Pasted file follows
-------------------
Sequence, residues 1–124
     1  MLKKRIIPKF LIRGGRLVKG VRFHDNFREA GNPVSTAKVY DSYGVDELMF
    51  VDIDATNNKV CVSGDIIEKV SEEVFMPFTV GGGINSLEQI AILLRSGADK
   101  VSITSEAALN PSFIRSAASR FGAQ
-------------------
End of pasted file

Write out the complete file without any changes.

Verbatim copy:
Sequence, residues 1–124
     1  MLKKRIIPKF LIRGGRLVKG VRFHDNFREA GNPVSTAKVY DSYGVDELMF
    51  VDIDATNNKV CVSGDIIEKV SEEVFMPFTV GGGINSLEQI AILLRSGADK
   101  VSITSEAALN PSFIRSAASR FGAQ